Back to overview

Highlights in advanced prostate cancer

We interviewed Prof. Silke Gillessen Sommer (CH) who shared some of the EAU21 highlights to look forward to with regard to coverage on advanced prostate cancer (PCa). Prof. Gillessen Sommer will co-chair Plenary session 05: Treatment for metastatic hormone-sensitive prostate cancer together with Prof. Alberto Briganti (IT), Prof. Dr. Karim Fizazi (FR),  and Prof. Arnauld Villers (FR). The session will take place on Sunday, 11 July 2021 from 11:45 to 13:15 CEST.

“I think every urologist that deals with metastatic PCa will find something of interest at EAU21, particularly the Plenary session. It’s a dynamic field and we’ve seen a lot of new developments in the last five years,” stated Prof. Gillessen Sommer.

She explained, “For instance, there are a lot of new treatment options for metastatic, hormone-sensitive PCa. We don’t yet know which option is best for which patient. We’re learning more and more that this is not one group of patients, but that there are differences between patients with, for example, high- or low-volume disease, or patients who are de novo metastatic or patients who relapse with metastatic disease after they have primary treatment. It seems that biologically these groups are different and have a different prognosis. Delegates can look forward to learning about which patients could benefit from which treatments.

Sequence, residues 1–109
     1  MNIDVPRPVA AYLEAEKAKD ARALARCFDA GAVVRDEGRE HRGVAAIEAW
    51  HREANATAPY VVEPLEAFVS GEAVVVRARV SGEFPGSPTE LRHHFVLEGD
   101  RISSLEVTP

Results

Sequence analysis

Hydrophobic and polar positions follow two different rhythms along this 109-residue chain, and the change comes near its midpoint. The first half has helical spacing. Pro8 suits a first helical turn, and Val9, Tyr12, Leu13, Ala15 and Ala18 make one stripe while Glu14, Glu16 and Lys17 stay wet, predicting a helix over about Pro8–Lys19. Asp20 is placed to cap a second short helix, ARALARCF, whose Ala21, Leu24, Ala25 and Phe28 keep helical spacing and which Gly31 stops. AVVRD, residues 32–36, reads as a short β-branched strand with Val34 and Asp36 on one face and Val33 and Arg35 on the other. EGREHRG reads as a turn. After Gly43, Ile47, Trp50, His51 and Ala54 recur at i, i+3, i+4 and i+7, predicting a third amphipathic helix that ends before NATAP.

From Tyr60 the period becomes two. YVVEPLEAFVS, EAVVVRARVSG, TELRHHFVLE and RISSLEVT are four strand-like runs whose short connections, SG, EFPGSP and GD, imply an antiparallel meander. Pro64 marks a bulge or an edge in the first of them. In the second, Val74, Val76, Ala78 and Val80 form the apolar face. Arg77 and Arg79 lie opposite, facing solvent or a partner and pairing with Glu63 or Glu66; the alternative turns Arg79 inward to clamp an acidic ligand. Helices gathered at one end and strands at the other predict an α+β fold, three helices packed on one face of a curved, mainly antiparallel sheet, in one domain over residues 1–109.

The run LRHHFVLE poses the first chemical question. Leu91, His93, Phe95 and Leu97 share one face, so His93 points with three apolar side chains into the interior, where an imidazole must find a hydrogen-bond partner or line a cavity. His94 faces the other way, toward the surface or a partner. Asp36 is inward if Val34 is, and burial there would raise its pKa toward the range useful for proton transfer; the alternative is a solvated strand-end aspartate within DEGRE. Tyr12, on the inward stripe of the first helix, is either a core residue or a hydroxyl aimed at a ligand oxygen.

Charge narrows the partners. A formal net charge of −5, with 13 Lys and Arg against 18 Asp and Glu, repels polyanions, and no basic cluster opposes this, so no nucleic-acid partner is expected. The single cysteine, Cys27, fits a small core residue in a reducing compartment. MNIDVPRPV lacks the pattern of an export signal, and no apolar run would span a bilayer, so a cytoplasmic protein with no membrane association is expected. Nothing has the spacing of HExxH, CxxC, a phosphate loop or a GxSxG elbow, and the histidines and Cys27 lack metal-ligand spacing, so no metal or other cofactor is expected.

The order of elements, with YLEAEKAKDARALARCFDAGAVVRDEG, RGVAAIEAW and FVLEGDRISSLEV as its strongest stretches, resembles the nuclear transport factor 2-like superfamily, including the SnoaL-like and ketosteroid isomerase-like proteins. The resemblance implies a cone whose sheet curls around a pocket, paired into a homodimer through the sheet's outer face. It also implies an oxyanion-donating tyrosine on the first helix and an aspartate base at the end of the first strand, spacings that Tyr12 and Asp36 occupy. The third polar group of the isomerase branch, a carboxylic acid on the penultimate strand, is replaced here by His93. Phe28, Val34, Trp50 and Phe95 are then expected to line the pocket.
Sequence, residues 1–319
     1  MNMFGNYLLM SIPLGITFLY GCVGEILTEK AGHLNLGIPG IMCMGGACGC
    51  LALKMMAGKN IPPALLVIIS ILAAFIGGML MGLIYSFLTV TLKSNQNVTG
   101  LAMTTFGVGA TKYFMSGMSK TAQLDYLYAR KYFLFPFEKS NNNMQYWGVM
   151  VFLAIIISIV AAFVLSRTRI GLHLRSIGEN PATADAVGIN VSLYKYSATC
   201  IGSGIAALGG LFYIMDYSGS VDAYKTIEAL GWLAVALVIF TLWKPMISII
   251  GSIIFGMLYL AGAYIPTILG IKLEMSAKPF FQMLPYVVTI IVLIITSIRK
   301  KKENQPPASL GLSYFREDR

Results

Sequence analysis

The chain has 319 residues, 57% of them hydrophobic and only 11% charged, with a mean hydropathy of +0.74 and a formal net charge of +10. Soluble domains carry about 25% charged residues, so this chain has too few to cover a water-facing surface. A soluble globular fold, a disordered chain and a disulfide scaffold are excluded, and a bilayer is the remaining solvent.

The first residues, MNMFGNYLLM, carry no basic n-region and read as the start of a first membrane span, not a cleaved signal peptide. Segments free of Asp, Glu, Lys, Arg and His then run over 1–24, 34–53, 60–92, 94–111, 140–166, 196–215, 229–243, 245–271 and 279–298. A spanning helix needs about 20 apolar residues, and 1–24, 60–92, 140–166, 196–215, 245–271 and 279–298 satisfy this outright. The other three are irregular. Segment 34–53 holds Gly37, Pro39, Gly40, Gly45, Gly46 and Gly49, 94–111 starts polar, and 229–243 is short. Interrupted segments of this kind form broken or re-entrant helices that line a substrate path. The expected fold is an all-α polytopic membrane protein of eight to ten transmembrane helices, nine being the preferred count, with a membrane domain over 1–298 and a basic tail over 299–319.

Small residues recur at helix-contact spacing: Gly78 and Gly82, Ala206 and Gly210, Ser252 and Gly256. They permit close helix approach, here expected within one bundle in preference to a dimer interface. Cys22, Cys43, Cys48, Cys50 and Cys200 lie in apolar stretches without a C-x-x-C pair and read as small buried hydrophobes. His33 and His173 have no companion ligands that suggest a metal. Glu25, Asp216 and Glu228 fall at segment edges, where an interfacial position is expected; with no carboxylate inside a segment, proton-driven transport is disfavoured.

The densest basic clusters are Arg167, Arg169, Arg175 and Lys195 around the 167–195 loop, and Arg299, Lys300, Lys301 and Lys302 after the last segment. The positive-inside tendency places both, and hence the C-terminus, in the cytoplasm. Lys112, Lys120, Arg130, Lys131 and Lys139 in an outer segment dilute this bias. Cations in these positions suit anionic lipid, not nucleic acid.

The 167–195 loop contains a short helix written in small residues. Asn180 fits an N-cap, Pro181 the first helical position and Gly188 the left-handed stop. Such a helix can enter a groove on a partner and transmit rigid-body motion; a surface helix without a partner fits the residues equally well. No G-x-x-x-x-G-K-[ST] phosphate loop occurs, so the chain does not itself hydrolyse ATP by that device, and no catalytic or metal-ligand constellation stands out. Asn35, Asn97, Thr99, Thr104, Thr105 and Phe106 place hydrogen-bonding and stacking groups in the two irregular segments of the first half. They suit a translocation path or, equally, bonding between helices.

“In the coming months, we’re also expecting new data on the combination of different treatment options. We might have started about 40 years ago with hormonal treatment and androgen deprivation therapy alone. But adding chemotherapy or novel hormonal agents can be beneficial. For instance, the addition of radiotherapy for patients with low-volume disease can give an overall survival benefit. We will also know soon the effects of triple combinations, for instance, androgen deprivation therapy (ADT) plus a novel hormonal agent, and also docetaxel. Or combining ADT, radiotherapy, abiraterone, and docetaxel. Triple or quadruple combinations give us a lot of potential therapeutic options.”

She added, “More topics that will be discussed in the Plenary, Thematic, and Abstract sessions will include the potential of personalised medicine, and differentiating between patients who will benefit versus those who won’t. Case presentations are a useful way to illustrate this. We will also look at new, more sensitive imaging options and imaging-guided treatment. Delegates can likely also expect analyses from ongoing trials in the ‘late-breaking’ session.”